SHOULD YOU GIVE YOUR ENVIRONMENTAL DONATIONS TO?
by Whit Gibbons
August 28, 2005
donate money or goods to a charity to support environmental conservation?
Want to know how your favorite organization ranks compared to others?
Then check out the Charity Navigator Web site, www.charitynavigator.org/.
With the declining support of many environmental programs by the federal
government, charitable contributions may be the only way to ensure continued
environmental protection for many of our remaining natural areas and native
wildlife. Giving to the right one is important.
According to the site “givers can be confident that in supporting
those charities rated highly by Charity Navigator, they will be supporting
organizations that are fiscally responsible and financially healthy.”
However, they qualify their ratings by strongly recommending that a donor
seek out other information about even organizations receiving a low rating.
They suggest a simple and pragmatic rule: “learn as much as [you]
can about a charity before deciding to support it.”
and restaurant ratings, Charity Navigator uses stars (from zero to four)
as a qualitative rating indicator. Four stars means an organization is
exceptional and “exceeds industry standards and outperforms most
charities in its cause.” One star indicates that the organization’s
performance is poor. The few groups receiving no star presumably wish
they had not been included.
I could not
begin to explain how Charity Navigator evaluates each charity and comes
up with a line of stars indicating the financial health and overall effectiveness
of the group in accomplishing its goals. For anyone interested in such
details, the Web site provides an extensive explanation of how organizational
efficiency is measured by performance categories. But rest assured that
Charity Navigator’s ranking scheme is no less rational than those
for college football, so a low-star ranking may not dissuade someone from
contributing to a favorite charity for other reasons.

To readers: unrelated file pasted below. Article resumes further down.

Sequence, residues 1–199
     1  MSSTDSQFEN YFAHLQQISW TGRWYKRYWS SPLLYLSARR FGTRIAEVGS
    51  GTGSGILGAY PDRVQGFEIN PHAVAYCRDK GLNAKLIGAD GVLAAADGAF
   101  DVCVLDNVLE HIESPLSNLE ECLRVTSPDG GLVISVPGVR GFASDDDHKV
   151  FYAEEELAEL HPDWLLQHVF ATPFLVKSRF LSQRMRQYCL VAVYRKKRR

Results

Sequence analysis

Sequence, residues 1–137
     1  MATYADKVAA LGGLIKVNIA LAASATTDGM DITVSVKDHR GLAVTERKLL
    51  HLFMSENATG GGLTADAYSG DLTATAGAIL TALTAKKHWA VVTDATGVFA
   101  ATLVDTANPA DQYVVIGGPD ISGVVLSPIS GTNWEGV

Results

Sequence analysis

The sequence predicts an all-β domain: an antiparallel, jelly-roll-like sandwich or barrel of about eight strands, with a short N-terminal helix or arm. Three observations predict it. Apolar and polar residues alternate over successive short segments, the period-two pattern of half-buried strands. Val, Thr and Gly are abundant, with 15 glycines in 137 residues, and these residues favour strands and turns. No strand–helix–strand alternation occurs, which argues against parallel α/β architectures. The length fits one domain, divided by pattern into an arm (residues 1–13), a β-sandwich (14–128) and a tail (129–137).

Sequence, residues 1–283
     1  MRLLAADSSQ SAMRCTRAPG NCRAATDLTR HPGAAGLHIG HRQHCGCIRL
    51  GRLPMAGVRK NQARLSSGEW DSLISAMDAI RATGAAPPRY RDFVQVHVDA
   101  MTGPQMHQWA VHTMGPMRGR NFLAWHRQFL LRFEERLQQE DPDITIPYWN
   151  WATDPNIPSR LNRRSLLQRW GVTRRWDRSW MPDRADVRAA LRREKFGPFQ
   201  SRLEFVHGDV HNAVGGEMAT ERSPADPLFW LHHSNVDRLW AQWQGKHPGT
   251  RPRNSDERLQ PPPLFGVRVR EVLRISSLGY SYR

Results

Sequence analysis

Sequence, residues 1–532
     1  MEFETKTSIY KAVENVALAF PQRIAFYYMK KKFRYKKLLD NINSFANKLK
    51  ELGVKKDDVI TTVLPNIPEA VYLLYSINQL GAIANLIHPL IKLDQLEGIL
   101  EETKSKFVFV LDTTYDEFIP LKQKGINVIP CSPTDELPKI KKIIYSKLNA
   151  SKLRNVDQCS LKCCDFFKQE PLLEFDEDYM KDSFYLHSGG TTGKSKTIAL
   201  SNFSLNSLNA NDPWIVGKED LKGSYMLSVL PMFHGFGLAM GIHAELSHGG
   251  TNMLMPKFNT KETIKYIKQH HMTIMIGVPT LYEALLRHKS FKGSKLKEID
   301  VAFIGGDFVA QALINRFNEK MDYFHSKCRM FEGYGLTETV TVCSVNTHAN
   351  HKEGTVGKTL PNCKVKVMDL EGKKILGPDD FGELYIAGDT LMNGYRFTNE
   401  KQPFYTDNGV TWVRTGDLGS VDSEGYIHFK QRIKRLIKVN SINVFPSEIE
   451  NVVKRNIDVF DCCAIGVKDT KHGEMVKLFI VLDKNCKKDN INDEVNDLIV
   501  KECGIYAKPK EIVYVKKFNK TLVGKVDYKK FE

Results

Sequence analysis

currently rates more than 4,000 charities of every stripe; 340 fall into
the subcategories of “Environmental Protection and Conservation”
or “Botanical Gardens, Parks, and Nature Centers.” The site
lists big organizations and small ones, ones you have heard of and ones
you have not. Under “Environmental Protection and Conservation,”
you find the 2-star 1000 Friends of New Mexico (“Promoting smart
growth in New Mexico”) and the 4-star Wildlands Conservancy (“Preserving
and protecting the natural environment of eastern Pennsylvania”).
In this same listing you also find The Wildlands Conservancy, a group
that “has preserved more land in California than any other conservation
organization that does not receive public monies.” Fortunately,
like Pennsylvania’s Wildlands Conservancy, this group also is given
4 stars, so if you made a mistake and did not notice the “The”
preceding California’s Wildlands Conservancy, you would simply be
promoting conservation on the opposite side of the continent from where
How do some
of the well-known environmental organizations fare under the scrutiny
of Charity Navigator? The National Audubon Society (“Protecting
our great natural heritage”) squeaks by with a single, lonely star.
When you ask for the rating of the Sierra Club you get this response:
“Sorry, we don’t evaluate Sierra Club. Why not? . . . because
they are allowed to spend a substantial portion of their revenue on lobbying
our government and not every donation to them is tax-deductible.”
But you are directed to the evaluation of the Sierra Club Foundation (“Explore,
enjoy and protect the planet”), which has a whopping 4 stars. I
will leave it to those who are interested to read the rating information
and determine why the National Audubon Society and the Sierra Club Foundation
receive such different evaluations.
is itself recognized as a nonprofit organization by the Internal Revenue
Service and makes a point of not accepting contributions from any of the
charities it lists. By not accepting donations, they are able to maintain
an impartial view in their rankings. However, no one develops a Web site
focused on how not-for-profit charities work without knowing something
about the phenomenon. And sure enough, you will find that “if you'd
like to support Charity Navigator, to ensure that we can continue our
work to identify great charities that need and deserve all of our support,
simply click on this button to make a secure, online credit card donation.”
you have an environmental question or comment, email